Maya Rudolph has a new show, "Up All Night." (Kirk McKoy, Los Angeles…)
Maya Rudolph was five years into her stint on "Saturday Night Live" when she gave birth to her first child, daughter Pearl Minnie, in October 2005. The one-two hosting punch of Steve Martin and Prince lured her back to work four months later, though Rudolph had to drastically alter her late-night lifestyle since she was now up at 3 a.m. for an altogether different reason.
For The Record
Los Angeles Times Wednesday, June 13, 2012 Home Edition Main News Part A Page 4 News Desk 1 inches; 28 words Type of Material: Correction
Maya Rudolph: An article in the June 8 Envelope section about comic actress Maya Rudolph misspelled the last name of her late mother, singer Minnie Riperton, as Ripperton.
"With 'SNL,' I'd always be procrastinating, writing at 6 in the morning, playing with a farting key chain, trying to come up with something funny," Rudolph says. "After the baby, you don't want to go out. You don't want to play with the farting key chain. You just want to go home."
Rudolph's "SNL" writing partner Emily Spivey had the same experience after her son was born, inspiring her to create the NBC comedy "Up All Night." Spivey wrote a part for Rudolph, casting her against type as a career-first daytime talk show host who's baffled by children.
"It's a real stretch," Spivey says, "because Maya is such an earth mother and so at ease with her own kids."
Rudolph now has three, including 2-year-old daughter Lucille and a son, Jack, born last July, with filmmaker Paul Thomas Anderson. She left "SNL" five years ago, but she never really left the place. Certainly the place never left her. Rudolph, 39, returned in February, hosting perhaps the best episode in a season that boasted many inspired moments and intensifying nomination buzz about her work on both "SNL" and "Up All Night." She talked with the Envelope recently about going back to the place she calls home.
You'd been back to "SNL" several times. Was hosting a big deal?
I used to call myself the Ghost of [Studio] 8H because I'd been back so often. But not as host. I remember standing in front of the bathroom mirror with a brush, pretending to be the host. I'm an "SNL" addict. There should be some sort of support group.
I can't remember a more consistently funny episode than your show. How much was planned?
Nothing. It was very last-minute. I had only one idea, the monologue where I sang "Do You Wanna Funk."
Detailing your rather sordid history of having slept with everyone -- cast members, pages, Paul Simon -- while on "SNL."
I thought it was funny because it was so atypical of my experience there. It was really clean-cut. But we all romanticize the '70s when the original cast was frolicking over to Studio 54 with Warren Beatty.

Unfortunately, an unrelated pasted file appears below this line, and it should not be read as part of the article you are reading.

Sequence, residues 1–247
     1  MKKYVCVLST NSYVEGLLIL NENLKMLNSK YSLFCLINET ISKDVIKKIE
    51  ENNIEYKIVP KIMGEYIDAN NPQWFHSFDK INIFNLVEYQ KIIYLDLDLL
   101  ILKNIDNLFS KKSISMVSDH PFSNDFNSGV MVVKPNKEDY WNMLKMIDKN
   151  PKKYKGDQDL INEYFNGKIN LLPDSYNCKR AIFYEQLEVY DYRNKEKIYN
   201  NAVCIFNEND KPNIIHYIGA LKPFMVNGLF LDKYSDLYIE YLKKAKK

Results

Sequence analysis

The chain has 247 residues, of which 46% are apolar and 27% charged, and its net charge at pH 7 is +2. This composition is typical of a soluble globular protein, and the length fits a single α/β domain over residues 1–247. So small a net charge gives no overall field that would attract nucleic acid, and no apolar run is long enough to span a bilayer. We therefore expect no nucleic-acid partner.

And when you were there, it was just you and that farting key chain.
Which was fine. I didn't want to be anywhere else. Years ago, when I was still doing the Groundlings, my dad told me, "As a woman, I think it's important for you to write, to have a voice." I thought I'd just be a performer. It took me a long time to understand that writing gives you a voice, an advantage.
No one knows you better than you.
You write what you're good at. For years as an actor, I felt powerless. It's no fun waiting for people to give you jobs. It really messes with your head. It makes you feel like there's something wrong with you.
Was your dad at the show? That bumper photo of you dressed in overalls like your mom (the late soul singer Minnie Ripperton) on her "Perfect Angel" album cover was beautiful.
He was in the audience. I watched him watching it when it came on. My dad [composer and music producer Richard Rudolph] knows how "SNL" is such a big deal to me. I'm such a sap. When I think of him being proud of his daughter, I get teary. The photo reminded us all that I wish she was here to enjoy this. With that photo, I kind of gave her a wink to say hi, so she kind of was there.
She was there ... along with Bill O'Reilly. It was surreal to see him tapping his loafer on "What Up With That."
That was so weird. He came up to me and said, "We love you." And we high-fived. I did not know I was on Bill O'Reilly's radar. Then I had the luxury of standing next to a Sports Illustrated model [Kate Upton]. That's always fun for a lady that's had three kids.
Just part of the magic of the night ...
Amy [Poehler] and I talked about it later. There was something palpable and magical about that night. I really felt joyful. And that's so rare. I'm a professional self-beater-upper. That's what I do. But I went home feeling really good.